Rigidity scoreOn the basis of the compulsive exercise test [14], respondents state how often each of 4 statements is true, ranging from never to always on a 6-point Likert scale. The statements cover organization and structure of activities
Walking paceSlow (<3 mph), Steady, Brisk, or Fast (>4 mph)
Other health/fitness apps usedRespondents chose from Never, Sometimes, or Regularly from the following apps: 7-Minute Workout, 8fit Planner, Calm Meditation, Calorie Counter, Fitbit, Headspace, MyFitnessPal, Nike, Strava, and Weight Watchers


To recruit for the questionnaire survey, all users included in the original sample were shown an advert on the Sweatcoin marketplace inviting them to participate. Users who registered to participate were provided a link to the questionnaire (hosted on the Google Forms platform). Participant information and ethical approval information were provided on the first screen. Consent was registered by participants explicitly ticking a box to register their consent to take part and then continuing to the questionnaire. Those who completed the questionnaire were sent a £10 (United Kingdom) or US $10 retail voucher. The questionnaire typically took participants around 10 min to complete.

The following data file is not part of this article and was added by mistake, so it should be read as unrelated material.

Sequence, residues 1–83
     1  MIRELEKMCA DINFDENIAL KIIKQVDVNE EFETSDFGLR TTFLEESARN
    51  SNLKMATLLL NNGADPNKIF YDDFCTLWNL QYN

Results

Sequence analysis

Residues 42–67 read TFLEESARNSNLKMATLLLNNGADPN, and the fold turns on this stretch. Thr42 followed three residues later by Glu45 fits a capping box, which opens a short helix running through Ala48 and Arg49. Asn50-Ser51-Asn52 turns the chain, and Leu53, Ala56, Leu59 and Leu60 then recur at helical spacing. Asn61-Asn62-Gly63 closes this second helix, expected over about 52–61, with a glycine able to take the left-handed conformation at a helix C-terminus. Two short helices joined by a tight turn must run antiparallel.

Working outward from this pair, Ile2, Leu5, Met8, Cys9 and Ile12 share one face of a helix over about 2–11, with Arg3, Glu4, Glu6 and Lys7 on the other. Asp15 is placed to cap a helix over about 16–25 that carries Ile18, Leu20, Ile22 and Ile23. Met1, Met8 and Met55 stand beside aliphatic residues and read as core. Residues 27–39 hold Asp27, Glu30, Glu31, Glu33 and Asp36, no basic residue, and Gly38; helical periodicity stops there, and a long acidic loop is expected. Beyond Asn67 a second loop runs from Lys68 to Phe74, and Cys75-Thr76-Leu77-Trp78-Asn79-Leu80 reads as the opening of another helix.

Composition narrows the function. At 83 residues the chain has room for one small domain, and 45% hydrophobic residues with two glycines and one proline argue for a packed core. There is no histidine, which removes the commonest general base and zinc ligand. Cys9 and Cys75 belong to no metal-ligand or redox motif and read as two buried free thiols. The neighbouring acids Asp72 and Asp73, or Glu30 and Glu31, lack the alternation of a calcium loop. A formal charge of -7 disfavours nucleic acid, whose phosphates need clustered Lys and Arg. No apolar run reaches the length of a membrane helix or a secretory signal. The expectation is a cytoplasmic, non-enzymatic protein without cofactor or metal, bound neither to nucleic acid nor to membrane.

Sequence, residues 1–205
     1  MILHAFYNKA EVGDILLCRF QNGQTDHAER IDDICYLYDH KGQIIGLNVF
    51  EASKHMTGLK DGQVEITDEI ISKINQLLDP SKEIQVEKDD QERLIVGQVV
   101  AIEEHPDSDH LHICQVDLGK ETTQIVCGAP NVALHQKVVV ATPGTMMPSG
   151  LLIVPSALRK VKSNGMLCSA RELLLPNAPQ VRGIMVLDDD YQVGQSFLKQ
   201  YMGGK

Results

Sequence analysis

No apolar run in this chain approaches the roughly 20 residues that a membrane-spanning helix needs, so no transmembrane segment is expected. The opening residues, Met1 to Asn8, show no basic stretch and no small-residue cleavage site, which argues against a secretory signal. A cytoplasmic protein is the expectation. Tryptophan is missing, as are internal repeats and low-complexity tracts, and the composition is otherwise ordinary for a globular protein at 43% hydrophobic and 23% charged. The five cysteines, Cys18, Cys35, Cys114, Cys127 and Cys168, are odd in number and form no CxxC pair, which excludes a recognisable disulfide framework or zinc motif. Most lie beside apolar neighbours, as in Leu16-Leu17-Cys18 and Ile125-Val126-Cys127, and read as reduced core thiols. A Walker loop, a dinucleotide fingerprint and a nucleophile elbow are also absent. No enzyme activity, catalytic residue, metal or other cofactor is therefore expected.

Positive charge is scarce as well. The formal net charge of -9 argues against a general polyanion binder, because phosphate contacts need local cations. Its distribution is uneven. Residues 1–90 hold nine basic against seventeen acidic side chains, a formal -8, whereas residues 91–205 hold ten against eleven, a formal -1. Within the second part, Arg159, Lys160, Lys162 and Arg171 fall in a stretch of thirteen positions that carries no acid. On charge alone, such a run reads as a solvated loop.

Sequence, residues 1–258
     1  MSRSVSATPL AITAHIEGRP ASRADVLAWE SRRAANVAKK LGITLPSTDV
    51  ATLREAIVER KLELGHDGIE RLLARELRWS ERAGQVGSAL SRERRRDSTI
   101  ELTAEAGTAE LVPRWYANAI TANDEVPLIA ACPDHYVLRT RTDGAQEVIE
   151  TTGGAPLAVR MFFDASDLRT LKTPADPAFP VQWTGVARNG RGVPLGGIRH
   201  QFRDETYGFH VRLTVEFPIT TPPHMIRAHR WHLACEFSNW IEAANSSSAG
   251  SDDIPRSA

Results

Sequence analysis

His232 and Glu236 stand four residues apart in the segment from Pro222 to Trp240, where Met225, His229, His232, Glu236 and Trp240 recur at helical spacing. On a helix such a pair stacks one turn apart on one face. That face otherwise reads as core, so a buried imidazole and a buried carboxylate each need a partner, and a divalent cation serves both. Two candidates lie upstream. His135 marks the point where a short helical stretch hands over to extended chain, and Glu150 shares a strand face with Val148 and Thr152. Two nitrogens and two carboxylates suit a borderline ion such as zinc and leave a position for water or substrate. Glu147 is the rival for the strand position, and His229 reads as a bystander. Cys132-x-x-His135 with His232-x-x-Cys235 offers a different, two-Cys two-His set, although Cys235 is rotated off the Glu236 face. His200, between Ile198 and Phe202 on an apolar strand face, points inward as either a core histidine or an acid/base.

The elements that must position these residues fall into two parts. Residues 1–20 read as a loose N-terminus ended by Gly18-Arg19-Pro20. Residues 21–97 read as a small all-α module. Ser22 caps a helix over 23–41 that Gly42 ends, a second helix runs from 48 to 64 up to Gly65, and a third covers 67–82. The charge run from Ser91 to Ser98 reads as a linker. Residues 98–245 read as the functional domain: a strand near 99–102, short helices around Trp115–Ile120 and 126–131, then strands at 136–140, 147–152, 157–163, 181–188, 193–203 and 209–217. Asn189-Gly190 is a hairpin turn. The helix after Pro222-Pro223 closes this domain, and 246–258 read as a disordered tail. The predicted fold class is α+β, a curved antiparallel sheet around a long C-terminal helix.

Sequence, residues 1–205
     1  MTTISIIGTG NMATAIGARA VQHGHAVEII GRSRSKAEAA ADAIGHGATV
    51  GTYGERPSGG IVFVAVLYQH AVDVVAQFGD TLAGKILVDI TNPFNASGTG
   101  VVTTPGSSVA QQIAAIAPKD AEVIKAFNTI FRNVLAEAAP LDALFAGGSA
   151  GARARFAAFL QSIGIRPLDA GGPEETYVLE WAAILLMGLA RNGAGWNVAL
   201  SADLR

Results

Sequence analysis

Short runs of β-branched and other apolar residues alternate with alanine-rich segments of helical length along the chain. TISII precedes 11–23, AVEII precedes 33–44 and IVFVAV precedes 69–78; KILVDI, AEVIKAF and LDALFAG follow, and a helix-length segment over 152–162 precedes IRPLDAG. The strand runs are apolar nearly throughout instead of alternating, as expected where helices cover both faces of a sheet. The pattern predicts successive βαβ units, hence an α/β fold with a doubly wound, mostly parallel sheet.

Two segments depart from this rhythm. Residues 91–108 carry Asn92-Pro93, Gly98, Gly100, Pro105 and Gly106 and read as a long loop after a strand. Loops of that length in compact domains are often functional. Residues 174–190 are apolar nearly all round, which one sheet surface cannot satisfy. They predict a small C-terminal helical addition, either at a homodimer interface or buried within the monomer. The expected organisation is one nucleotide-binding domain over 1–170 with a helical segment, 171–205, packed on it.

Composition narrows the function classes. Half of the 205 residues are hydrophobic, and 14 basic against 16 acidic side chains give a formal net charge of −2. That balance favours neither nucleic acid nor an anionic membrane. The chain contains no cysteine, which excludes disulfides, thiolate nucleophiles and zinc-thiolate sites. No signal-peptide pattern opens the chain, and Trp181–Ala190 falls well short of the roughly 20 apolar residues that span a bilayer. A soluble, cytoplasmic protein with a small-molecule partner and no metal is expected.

Over a period of 4 weeks, a total of 841 users completed the questionnaire (Figure 2). Of these, 728 users remained after removing partial completions, duplicates, and users who were not in the original activity dataset (Figure 2). The corresponding daily step count data were then linked to the resulting sample of questionnaire responses.


The questionnaire data were coded and restructured as required to make each variable suitable for regression analysis. Dummy variables were created for multiple-choice responses. Self-reported activity and rigidity scores were calculated as per guidelines. However, it should be noted that rather than limiting the General Practice Physical Activity Questionnaire (GPPAQ) score to a maximum of 3, we used the total score from all activities. In addition to the questionnaire variables, the season of registration was added as a further set of dummy variables to ensure seasonality would be accounted for in the analysis.